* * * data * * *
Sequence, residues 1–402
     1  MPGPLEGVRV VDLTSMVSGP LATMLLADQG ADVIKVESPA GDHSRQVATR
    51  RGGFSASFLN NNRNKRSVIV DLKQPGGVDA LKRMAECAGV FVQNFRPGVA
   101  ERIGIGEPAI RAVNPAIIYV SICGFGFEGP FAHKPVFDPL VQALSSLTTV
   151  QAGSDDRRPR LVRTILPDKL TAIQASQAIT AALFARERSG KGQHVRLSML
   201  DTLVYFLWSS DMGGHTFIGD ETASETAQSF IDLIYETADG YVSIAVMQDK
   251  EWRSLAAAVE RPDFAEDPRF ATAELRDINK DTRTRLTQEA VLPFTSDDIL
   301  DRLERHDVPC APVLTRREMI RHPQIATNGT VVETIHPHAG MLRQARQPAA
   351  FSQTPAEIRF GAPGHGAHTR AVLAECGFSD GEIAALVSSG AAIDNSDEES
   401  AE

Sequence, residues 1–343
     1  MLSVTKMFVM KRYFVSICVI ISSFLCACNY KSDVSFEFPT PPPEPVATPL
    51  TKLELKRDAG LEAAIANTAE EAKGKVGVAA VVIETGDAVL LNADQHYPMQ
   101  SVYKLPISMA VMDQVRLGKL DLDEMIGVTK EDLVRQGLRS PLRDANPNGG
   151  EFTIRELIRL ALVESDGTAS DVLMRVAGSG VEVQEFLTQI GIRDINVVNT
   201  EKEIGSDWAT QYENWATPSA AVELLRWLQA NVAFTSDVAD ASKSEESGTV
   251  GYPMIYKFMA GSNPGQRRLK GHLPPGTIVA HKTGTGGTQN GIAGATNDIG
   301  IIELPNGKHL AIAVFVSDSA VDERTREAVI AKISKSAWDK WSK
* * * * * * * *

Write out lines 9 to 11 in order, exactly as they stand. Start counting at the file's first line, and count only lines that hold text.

   351  FSQTPAEIRF GAPGHGAHTR AVLAECGFSD GEIAALVSSG AAIDNSDEES
   401  AE

Sequence, residues 1–343